The Chief-Leader Councilman Prods DCAS To Expedite Hiring Lists by Dan Rosenblum
The time between a candidate taking a civil-service exam and a list being established has fallen by six months, according to the most recent statistics. Still, Ben Kallos, the Chair of the City Council’s Governmental Operations Committee...is asking the Department of Citywide Administrative Services to adjust its goals to encourage even more progress in the future and to better diversify the city’s applicant pool.
In figures compiled in the Preliminary Mayor’s Management Report, the median time from exam administration to establishment of a hiring list declined from 439 days during July to October 2013 to 244 days last year.
‘Shockingly’ Long Wait
“The idea of waiting for a civil-service exam and having to wait to find out where you were on the list more than a year away was shocking to me and unacceptable,” Mr. Kallos recently told this newspaper. He commended DCAS’s recent progress, but the open-data advocate and former labor lawyer wondered why the agency couldn’t set goals to correct chronic racial or gender gaps.
New hires last summer identified themselves as 29 percent white, 41 percent black, 20 percent Hispanic and 7 percent Asian/Pacific Islander, according to the MMR. Though agencies typically manage their own hiring, DCAS administers the tests and advertises positions. In a Council hearing held last month, department officials said the diversity data was supplied for transparency, but couldn’t be used to set standards.
“Since we operate a test-based system, really, someone’s selection into a job has to do more so with their rank on a particular list or their score on an actual exam as opposed to an ethnic group or a gender to which they belong,” said Dawn Pinnock, the Deputy Commissioner for Human Capital. She added that DCAS was “casting a wider net” to diversify the candidate pool.
But Mr. Kallos was unsatisfied with the agency’s lack of targets.
“If these are outside of their control, then why is it one of their performance measurements?” he said. “And if it is under their control, I do believe that DCAS can use some of its resources to make sure they are targeting and recruiting to diverse communities.”
More Advance Planning
DCAS officials said they have increased the number of tests they give and are starting to use more workforce planning and attrition data to project testing needs instead of giving exams as agencies request them. Though Commissioner Stacey Cumberbatch said the department wanted to verify its assumptions before adjusting its list-establishment goal at less than one year, Mr. Kallos was discouraged that the agency wasn’t using that success to revise its targets.
“I am glad that they have set a new target of 360 days, but I think it would be more appropriate for them to set the target more in line with where they actually are,” he said. “So it should be 300 days or 240 days. Let’s shave off four days and let’s see how much further down we can get it.”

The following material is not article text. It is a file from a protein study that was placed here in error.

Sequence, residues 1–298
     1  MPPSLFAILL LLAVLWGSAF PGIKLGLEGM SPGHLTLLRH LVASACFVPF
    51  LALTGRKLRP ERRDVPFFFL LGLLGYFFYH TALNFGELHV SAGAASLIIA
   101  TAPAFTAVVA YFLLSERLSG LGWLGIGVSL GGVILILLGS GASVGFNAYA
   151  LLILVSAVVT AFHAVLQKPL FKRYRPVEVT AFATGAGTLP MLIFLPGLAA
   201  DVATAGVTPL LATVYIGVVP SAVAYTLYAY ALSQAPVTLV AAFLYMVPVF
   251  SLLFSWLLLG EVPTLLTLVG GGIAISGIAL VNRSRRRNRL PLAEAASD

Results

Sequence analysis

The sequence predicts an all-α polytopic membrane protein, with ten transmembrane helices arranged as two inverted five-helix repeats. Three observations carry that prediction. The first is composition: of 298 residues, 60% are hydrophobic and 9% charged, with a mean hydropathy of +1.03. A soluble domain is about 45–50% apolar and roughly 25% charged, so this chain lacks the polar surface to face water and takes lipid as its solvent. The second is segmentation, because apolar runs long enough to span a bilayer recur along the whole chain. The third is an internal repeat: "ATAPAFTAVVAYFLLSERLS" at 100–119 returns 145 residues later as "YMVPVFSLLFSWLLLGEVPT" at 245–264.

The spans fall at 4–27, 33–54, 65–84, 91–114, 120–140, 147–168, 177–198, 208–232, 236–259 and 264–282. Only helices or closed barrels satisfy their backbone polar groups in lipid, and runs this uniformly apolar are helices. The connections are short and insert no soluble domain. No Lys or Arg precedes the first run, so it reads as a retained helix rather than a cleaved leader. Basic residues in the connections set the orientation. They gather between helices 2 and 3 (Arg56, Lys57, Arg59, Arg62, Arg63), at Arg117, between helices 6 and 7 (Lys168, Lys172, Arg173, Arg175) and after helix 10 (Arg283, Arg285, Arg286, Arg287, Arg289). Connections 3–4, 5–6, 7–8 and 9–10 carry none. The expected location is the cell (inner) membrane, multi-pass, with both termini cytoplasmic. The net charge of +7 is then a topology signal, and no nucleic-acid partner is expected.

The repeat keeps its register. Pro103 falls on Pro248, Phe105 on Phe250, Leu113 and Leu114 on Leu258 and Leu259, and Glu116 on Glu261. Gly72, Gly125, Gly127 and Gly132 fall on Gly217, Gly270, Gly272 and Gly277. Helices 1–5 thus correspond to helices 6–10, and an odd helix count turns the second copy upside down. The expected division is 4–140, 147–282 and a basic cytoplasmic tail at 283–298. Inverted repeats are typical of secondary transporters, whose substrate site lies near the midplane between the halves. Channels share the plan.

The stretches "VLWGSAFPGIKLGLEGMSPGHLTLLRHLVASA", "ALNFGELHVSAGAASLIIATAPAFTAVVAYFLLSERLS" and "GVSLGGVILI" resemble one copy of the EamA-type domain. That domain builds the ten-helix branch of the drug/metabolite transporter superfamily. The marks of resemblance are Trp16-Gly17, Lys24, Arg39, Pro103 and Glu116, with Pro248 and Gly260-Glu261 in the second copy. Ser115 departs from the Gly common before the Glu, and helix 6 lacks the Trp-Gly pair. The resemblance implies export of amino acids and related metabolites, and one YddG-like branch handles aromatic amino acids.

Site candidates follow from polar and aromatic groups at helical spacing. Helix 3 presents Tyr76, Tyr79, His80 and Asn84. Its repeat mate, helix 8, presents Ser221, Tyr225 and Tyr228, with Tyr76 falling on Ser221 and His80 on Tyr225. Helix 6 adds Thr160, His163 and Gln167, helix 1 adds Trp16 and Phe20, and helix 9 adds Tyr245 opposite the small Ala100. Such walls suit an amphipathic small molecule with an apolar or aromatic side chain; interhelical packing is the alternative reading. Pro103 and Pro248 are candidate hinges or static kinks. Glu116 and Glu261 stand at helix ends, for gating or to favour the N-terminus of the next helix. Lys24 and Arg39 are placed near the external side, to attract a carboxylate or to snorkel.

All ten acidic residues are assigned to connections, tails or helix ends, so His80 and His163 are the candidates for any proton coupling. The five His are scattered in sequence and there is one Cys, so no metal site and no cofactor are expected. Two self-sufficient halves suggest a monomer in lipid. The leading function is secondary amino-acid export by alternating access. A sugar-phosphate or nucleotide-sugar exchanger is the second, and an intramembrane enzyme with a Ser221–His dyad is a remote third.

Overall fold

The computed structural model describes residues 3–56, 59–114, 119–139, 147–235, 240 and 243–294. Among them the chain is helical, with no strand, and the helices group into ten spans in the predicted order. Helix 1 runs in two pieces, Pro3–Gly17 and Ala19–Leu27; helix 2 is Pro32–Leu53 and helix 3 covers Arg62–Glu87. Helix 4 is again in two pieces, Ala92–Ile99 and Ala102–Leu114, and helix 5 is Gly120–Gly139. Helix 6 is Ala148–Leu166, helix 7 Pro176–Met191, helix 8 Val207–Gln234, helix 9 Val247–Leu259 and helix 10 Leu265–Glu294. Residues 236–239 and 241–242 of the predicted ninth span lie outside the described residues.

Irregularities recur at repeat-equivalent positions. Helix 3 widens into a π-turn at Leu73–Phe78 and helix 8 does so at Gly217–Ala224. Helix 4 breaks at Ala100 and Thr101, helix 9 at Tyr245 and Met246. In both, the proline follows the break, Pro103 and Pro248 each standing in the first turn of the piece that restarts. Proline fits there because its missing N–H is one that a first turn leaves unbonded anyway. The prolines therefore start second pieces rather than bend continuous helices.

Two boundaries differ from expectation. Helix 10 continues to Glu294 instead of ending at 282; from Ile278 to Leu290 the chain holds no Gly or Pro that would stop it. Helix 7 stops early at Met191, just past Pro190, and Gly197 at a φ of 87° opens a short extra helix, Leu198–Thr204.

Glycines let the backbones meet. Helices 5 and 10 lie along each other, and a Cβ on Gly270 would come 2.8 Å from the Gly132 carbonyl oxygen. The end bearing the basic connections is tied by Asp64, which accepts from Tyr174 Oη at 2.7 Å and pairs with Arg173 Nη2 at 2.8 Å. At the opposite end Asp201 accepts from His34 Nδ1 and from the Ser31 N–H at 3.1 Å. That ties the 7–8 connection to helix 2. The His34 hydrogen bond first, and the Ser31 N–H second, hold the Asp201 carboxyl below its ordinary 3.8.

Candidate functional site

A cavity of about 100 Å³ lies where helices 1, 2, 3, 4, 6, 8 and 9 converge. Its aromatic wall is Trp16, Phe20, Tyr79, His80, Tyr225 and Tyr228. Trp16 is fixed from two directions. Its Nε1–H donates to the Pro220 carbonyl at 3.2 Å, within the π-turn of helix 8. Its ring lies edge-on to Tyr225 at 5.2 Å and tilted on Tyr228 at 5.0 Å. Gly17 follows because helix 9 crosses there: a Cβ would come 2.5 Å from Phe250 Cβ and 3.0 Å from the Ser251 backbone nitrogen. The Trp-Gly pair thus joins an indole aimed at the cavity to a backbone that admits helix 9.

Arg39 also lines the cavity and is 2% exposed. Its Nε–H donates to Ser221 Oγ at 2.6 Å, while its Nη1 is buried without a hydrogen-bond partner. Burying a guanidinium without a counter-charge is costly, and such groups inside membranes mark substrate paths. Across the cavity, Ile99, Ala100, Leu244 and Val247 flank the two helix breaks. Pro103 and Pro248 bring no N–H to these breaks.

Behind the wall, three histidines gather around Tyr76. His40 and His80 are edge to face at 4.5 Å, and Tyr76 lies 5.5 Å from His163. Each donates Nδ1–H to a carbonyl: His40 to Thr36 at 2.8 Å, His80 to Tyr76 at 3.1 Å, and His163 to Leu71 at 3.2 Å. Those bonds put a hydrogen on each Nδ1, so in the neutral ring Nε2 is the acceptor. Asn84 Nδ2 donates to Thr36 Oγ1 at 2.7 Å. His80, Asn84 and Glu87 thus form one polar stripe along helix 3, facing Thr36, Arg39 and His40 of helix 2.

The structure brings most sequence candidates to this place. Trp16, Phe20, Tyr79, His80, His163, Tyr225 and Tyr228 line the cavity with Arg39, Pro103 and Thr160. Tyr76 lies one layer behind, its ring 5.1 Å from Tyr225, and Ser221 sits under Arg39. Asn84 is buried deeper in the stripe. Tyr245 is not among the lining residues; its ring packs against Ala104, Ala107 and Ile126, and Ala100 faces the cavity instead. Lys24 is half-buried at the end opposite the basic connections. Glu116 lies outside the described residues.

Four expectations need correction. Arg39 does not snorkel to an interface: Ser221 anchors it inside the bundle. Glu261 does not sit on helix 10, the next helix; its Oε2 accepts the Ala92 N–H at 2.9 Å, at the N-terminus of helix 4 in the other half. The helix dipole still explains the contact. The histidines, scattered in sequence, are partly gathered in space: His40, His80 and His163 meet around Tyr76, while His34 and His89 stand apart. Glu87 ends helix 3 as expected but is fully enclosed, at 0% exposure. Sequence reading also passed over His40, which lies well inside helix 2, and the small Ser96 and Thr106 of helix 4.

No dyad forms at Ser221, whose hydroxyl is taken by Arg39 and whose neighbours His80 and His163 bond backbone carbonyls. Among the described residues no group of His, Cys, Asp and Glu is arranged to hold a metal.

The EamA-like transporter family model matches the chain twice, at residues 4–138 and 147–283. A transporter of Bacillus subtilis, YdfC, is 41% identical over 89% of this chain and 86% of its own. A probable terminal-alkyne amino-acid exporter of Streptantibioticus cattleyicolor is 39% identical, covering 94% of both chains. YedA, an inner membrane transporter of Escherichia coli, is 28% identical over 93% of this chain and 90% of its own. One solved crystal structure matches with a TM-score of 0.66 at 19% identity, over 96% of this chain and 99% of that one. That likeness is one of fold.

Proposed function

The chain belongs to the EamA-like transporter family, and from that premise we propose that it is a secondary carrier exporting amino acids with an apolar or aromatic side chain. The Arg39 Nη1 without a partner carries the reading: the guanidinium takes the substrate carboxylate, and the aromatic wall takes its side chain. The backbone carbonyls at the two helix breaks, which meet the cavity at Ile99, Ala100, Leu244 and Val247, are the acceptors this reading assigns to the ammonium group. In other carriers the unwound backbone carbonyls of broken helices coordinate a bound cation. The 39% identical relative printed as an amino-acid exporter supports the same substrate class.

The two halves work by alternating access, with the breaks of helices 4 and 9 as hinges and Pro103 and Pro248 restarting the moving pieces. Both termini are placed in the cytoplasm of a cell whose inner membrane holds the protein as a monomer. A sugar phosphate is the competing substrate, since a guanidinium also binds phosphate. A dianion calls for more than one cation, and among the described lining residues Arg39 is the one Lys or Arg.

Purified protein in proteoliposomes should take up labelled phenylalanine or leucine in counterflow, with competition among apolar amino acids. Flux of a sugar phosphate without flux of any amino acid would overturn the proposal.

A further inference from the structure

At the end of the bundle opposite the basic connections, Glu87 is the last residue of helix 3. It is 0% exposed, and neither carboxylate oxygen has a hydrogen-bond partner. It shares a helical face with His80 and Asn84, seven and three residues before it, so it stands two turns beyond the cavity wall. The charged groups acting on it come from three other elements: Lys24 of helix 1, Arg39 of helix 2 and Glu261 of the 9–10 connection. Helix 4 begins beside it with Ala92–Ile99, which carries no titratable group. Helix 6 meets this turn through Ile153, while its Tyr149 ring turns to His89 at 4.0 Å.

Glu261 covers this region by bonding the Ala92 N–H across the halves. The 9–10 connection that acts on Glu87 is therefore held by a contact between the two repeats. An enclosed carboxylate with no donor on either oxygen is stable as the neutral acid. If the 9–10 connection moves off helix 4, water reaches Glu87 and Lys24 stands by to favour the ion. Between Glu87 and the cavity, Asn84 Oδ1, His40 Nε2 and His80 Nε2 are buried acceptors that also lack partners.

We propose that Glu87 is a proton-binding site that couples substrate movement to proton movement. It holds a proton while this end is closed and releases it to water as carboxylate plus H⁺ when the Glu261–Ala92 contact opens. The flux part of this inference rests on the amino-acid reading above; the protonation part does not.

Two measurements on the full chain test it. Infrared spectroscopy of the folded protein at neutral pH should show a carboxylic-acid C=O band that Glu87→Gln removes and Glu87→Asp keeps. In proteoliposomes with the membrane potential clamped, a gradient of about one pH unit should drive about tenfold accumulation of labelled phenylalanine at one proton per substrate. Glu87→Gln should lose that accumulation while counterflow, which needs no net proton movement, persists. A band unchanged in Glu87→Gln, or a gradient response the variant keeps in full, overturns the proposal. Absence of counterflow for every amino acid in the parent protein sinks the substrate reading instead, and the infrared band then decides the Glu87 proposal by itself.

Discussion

The Council’s Civil Service Committee, chaired by I. Daneek Miller of Queens, has held joint hearings with Mr. Kallos’s committee to examine the agency’s progress in speeding its list administration and replacing more than 8,000 provisional employees to comply with the 2007 Long Beach decision by the State Court of Appeals that required municipalities to limit provisional employment to nine months.
‘Need for Resources’
“When we look at DCAS and our civil-service system, we realize how essential it is to provide the proper resources to maintain, grow, and strengthen our municipal workforce,” Mr. Miller said in a statement. “For this reason the city has set aside an additional $3.3 million in civil-service compliance funding for this year.”
That included money for consultants to develop some exams and add 173 work stations in Manhattan and Brooklyn, bringing the total to 386. It also included $516,000 to hire seven employees to run computerized- testing centers and insource five IT positions that were contracted out.
A 2013 Independent Budget Office report projected that by the fiscal year beginning July 2016, 34 percent of the city’s workforce will be eligible to retire, particularly skilled-craft workers and high-ranking administrators.
In response, Mr. Kallos suggested the city move quickly to market city jobs to future college graduates, private-sector employees and the unemployed who, along with veterans and those receiving public assistance, can have their exam fees waived.
“There’s a lot to do there and we do need to make sure that we get our civil-service exams working so that we can fill those positions,” Mr. Kallos said. “Because if we reduce our provisionals all the way down and then all of a sudden five years from now have to start hiring them again to fill one-third of the seats, we will have a huge loss.”